Two other factors are worth pointing out. First: nearly a quarter of Malaysia’s GDP is accounted for by investment; and Malaysians have always saved around a third of their national income. In short, they save and invest for the future, in good times or bad. This leads to the second interesting feature: they have a healthy mistrust of policies hatched in Washington. When the Asian economic crisis was biting deep in the late 1990s, Malaysia was able to tell the IMF to take a hike, and found its own way out of the capital crisis. Tellingly, the depression it went through was shorter and shallower than those endured by its neighbours who swallowed the Washington pill.
The Malaysian picture has not always been a rosy one. It has had its share of autocratic leadership and human rights abuses. It has felt the trauma of ethnic violence. It has been knocked down by international markets. But it has always come back fighting, because it has built a fundamental resilience over the years. We, too, have taken those punches; but we have generally stayed down for the count.
It takes some doing for a country’s economy to make no real movement for over 40 years, but here in Kenya we have managed to do just that. As the Malaysias and Koreas become world-class producers of high-end sophisticated goods, we are still stuck in the tea-coffee-horticulture-tourism paradigm – and hence always at the mercy of outsiders. What have we lacked? First and foremost, a sense of vision and purpose. Have we ever spelled out what we want to be, and then gone for it? Successive governments have given us “Uhuru na Kazi”, “the Nyayo Philosophy” and “a Working Nation”. What do these vague visions mean? How do we translate them? What are they meant to achieve, and how? Who will do what, and by when? We are never told, which tells us something about their intellectual vacuity.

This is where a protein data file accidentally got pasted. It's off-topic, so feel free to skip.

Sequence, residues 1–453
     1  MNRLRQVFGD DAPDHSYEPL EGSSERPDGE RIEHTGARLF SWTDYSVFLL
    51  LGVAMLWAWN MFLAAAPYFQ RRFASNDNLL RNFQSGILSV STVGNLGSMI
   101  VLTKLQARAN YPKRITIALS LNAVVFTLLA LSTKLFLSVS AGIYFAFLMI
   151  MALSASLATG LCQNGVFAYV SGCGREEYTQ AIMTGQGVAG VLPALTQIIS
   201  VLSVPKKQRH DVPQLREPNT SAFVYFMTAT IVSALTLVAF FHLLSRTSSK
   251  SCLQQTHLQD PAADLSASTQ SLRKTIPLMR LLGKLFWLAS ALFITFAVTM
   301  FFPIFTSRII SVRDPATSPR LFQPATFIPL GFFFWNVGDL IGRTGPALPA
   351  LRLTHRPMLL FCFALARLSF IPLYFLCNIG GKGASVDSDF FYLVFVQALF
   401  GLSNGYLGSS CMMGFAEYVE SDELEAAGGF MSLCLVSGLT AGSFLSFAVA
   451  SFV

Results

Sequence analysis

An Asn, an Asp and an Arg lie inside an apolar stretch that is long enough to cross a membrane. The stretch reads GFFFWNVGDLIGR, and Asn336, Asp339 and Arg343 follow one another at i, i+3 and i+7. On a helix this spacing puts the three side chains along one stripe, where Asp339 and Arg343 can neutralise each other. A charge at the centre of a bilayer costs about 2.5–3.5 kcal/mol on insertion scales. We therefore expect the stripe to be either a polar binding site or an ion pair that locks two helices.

The extent of our vision is to muddle along and make things marginally better for Kenyans. Even that singularly underwhelming goal has proved beyond us. What does equity mean to us? How fair do we want to be to our marginalized communities? Who exactly will deliver the economic growth (a clue: it isn’t the government) and how can we design policies and incentives to help entrepreneurs do their thing? Who is looking at our international positioning and evaluating our competitiveness?
When we set big goals, we know at the outset we are not going to achieve them. Who believed we would have water for all by 2000, and who believes we will be industrialised by 2020? Why should we believe, when there is no set of initiatives, no action plan and no work on the ground?
In 2005, it is time to stop the nonsense and start to think, plan and work systematically. Otherwise the next generation of Kenyans will still be stopping their education at age 12. They will still be exporting tea and being led by the nose by international institutions. They will still be waiting for a national highway network, and sharing half a computer between a hundred people. They will still be living in fear of robbery and rape. And they will still be poor, divided, angry and resentful. Who wants to live in that Kenya?
Development is not a chance event; it is a choice you make. It requires people of vision to come together and plan a future. It requires people of dedication to work hard in the interests of their countrymen as well as their own. It requires leaders of energy and integrity who actually want to take this country somewhere. Ultimately, it requires a populace that stands up to shout “enough!” and demands delivery of results by the holders of high office. Will you be shouting in 2005?